The Plain Wanderers (which over the years have comprised combinations of Hynson, Langley, Holmes, Williams, Stewart, and Mudge) have pretty much stuck to a route kicking off at Lake Goran before tending eastwards and dusking at the Quipolly Dams near Quirindi. This year we opted for something a bit different, in large part courtesy of the generosity of the Hunter Brewers who divulged their standard route and associated beta. Following a new route would carry disadvantages – unfamiliarity with the nuances of new areas and general issues of navigation and timing, and dusking at least an hour further inland – but advantages in the form of a route honed by a very experienced team (consistently one of the top 2 in the state) and hence the possibility of a big score IF we had the combined talent to tick it.
The other big change was that we were only a party of three (Rob, Andy and moi). Disadvantage; one less set of eyes and ears. Advantages were several. Firstly, the “majority” required to formalize a tick was simply two, rather than three in the case of a team of four. As a quartet, getting three sets of eyes on the same target, or even simply having the discipline to constrain three birders to the same spot to facilitate such a possibility can be like herding cats. Secondly, this meant a less cramped car. Car space might seem trivial but by about 10 am on the Saturday morning the car will be brimming with nearly all the food and water supplies required to sustain occupants through to 4 pm on the Sunday – on top of changes of clothes, tents, sleeping gear and a couple of spotting scopes. What starts as a myriad of ordered bags and bottles progressively transforms to a car-load of crumbs and trash come the end.
On Saturday morning we awoke from digs at the Golden Fleece Hotel in Scone and rolled out at 7 am, enjoying the cool morning as we headed north-west across the Liverpool Plains to check out Gunnedah and new spots further to the north. In many ways the pre-twitch is the most enjoyable part of the trip and feels like being on holiday. However as the day progresses the tension incrementally ratchets up as the last few spots are checked and driving times are estimated before arriving at the starting spot, where the expected targets still have to be found.
Our start location was absolute gold with an abundance of Painted and Singing Honeyeaters flitting overhead (a rarity this far east), and some other dry country specialists in our sights. In the last few minutes we tracked a troupe of Speckled Warblers whilst simultaneously keeping a bead on a nearby Little Friarbird. Eventually 4 pm arrived and with a handful of choice ticks in the bag we trundled back to the car and headed to Kelvin State Forest, then onto Keepit dam, where a bunch of stuff we were hoping to get had regrettably moved on. As dusk fell we hit the Gunnedah pooh ponds where a bevy of top-notch ducks were scoped, including Bluebill and my first proper look at Freckled Duck.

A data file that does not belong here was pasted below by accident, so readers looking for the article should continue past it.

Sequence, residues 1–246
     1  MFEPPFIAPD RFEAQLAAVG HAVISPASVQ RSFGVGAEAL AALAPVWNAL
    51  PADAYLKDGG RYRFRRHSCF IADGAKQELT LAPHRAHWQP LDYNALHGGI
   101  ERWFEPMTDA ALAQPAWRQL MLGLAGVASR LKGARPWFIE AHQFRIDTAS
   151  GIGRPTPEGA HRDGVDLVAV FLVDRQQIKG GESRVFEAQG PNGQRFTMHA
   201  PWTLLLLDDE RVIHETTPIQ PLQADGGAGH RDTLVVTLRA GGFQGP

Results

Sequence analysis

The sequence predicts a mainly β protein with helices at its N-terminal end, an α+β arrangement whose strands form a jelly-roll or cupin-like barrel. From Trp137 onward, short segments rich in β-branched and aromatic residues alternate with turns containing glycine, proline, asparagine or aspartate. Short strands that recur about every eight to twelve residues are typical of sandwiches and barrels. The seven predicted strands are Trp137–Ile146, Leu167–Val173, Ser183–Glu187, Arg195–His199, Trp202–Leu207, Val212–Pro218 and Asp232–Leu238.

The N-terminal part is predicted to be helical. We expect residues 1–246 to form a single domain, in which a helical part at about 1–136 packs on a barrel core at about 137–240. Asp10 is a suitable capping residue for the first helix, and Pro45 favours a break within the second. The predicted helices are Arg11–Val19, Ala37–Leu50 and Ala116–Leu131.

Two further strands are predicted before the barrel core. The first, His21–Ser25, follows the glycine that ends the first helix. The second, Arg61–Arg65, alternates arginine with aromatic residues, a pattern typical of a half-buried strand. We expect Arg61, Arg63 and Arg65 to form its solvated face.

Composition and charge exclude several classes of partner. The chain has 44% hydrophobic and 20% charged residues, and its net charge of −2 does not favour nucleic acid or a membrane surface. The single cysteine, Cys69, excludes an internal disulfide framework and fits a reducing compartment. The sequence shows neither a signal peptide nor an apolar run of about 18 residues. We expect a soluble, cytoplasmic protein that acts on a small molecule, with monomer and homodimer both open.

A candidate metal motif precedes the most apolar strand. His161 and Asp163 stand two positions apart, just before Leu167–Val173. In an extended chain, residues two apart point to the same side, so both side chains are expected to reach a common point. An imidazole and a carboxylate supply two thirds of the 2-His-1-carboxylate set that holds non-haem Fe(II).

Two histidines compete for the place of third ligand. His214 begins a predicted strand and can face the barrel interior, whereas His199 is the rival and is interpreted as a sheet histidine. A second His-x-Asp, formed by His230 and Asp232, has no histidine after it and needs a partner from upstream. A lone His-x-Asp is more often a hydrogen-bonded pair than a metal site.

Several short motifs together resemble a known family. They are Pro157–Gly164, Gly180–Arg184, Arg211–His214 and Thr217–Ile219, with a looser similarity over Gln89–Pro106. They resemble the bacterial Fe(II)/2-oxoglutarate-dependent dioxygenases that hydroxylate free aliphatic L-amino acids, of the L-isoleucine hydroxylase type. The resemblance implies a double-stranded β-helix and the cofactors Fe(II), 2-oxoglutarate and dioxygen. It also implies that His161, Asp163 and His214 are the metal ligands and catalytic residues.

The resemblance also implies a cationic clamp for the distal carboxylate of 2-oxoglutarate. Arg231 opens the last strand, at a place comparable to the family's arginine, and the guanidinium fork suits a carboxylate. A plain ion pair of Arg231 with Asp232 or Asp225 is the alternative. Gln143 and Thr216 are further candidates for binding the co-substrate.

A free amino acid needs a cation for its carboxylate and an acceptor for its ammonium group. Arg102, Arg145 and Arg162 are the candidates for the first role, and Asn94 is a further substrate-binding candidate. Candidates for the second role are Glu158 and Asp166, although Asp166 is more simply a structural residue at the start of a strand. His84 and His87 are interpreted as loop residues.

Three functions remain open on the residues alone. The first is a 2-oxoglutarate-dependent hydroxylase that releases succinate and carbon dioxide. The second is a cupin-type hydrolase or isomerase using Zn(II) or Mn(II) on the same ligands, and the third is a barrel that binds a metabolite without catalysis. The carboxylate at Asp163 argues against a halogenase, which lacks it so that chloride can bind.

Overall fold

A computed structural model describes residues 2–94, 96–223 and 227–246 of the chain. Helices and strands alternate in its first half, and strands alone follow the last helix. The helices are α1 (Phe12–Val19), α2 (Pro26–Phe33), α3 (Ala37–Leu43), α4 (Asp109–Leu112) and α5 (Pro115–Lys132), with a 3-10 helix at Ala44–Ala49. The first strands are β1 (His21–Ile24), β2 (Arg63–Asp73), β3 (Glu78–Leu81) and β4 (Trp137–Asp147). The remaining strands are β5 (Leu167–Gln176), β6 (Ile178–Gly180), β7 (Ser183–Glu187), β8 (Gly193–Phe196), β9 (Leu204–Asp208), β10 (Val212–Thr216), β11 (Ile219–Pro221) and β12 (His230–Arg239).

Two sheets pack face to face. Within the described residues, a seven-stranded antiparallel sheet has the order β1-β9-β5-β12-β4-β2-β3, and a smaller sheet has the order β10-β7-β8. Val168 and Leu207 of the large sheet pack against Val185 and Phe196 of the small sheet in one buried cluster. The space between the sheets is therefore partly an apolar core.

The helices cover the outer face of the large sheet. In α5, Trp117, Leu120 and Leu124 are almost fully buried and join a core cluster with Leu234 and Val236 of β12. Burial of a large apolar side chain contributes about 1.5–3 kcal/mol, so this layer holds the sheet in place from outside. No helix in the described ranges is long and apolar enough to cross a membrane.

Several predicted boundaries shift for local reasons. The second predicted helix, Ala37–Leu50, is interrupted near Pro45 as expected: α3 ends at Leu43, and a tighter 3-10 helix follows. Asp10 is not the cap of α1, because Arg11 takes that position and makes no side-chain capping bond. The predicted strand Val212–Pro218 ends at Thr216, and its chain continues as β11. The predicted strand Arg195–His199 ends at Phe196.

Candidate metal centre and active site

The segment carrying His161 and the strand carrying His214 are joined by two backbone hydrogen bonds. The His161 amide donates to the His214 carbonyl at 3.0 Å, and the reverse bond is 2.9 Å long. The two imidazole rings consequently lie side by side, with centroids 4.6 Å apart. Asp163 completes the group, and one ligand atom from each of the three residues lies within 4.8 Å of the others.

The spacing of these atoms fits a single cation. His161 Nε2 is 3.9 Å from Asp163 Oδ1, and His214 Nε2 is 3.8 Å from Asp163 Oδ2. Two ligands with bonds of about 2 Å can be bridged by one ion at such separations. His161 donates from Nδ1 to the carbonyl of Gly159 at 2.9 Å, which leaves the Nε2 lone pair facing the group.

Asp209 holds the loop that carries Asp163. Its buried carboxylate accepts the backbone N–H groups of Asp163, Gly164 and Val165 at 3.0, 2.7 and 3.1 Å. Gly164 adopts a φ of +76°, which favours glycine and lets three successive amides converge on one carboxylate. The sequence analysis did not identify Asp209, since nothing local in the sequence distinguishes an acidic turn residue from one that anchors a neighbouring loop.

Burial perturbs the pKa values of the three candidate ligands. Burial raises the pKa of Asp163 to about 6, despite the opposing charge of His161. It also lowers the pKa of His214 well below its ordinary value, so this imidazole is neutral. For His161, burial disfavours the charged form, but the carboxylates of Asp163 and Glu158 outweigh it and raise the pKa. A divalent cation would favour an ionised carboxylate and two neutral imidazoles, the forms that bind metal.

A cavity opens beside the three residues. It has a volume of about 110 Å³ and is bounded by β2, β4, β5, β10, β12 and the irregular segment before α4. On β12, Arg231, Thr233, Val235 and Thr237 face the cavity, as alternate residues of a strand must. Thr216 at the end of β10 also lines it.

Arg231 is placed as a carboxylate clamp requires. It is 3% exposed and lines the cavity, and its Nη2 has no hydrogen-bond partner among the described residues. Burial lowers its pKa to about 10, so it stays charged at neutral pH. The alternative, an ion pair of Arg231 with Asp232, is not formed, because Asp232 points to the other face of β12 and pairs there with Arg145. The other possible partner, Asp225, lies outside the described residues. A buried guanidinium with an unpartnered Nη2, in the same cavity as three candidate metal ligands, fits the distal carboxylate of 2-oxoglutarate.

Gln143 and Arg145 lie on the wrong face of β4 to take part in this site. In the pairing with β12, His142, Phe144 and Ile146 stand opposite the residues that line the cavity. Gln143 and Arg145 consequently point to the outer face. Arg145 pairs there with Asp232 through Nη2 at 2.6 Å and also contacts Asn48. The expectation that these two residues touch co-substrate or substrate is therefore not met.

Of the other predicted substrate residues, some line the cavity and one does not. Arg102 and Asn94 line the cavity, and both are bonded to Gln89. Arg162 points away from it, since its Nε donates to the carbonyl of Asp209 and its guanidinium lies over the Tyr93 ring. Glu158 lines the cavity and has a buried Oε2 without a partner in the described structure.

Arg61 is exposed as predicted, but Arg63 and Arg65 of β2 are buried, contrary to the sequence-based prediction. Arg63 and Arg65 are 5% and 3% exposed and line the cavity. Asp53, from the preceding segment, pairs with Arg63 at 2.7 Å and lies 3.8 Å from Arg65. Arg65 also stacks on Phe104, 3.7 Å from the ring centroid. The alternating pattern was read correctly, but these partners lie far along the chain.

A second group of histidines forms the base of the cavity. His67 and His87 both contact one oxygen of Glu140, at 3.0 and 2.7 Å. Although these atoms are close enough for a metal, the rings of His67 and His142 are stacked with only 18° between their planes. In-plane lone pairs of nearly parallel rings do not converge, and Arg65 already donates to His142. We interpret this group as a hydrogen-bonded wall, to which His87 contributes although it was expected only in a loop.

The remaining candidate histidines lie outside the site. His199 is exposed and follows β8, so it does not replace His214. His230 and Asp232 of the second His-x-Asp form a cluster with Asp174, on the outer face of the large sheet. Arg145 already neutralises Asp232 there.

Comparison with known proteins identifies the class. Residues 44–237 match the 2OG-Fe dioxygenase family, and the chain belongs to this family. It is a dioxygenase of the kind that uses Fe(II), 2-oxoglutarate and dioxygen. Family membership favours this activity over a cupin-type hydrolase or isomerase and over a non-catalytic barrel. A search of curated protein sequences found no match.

A pub meal allowed the count to be estimated at 92 before we hit the highway for the long trek south-east to Singleton where a LHT would be made onto the winding dirt to the standard Allyn River rainforest night spot deep in Barrington Tops. We spotlighted the entirety of this last sector hoping, like last year, to bag a swag of owls and frogmouths, however came up blank. We bedded down in a tarp sandwich and as we drifted off finally heard a Boobook chime in, as well as a Channel-Billed Cuckoo and Noisy Pita, of all things – not bad for 1:45 am!
Five am came round real fast. We walked the gully road; getting about 20 rainforest species on call, and were heading south again by 7 am. Next stop Green Wattle Road for the eastern dry woodland specialists such as Fuscous and White-Naped HE, then the “Maitland Economic Zone”, where a few more honeyeaters (Yellow Tufted and White Cheeked) were added before heading to the Newcastle baths for the seawatch. At this stage a tally of 200 was definitely on the cards, however the seawatch struggled to deliver, and although we did well at Stockton, we struggled to get much more over the last few hours at Ash Isl, Hexam Swamp, or even at the Wetlands Center itself (the finish location), which was on the verge of being totally dry.
In the end we only managed 191, with too many “biggest dips” to mention. OK; Musk Lorikeet, New Holland HE, Little Wattlebird, and Darter, to name a few. This turned out to be the 6th best score, one bird ahead of a few teams on 190 and another on 189. Best team, incidentally was the Brewers who started at Lake Cargelligo this year, and who, after three successive seconds, finally bested the Monarchs with a whopping 252 birds, a new record by 2 birds!
Even though we tanked at the death it was still on the whole a great weekend away, and I’m already looking forward to next year’s event, and the prospect of maybe another new route to explore.
We spotted this guy on the pre-twitch at Breeza Dam; Double Banded Plover, and a new one for me. These guys breed in NZ, and winter in Oz. This one is in breeding plumage but seems to have missed the boat home. Typically, when we came back to try and spot-light him during the race he was no longer present
Red kneed dotterel fly-by.
A mix of White Browed and Masked Woodswallows take flight.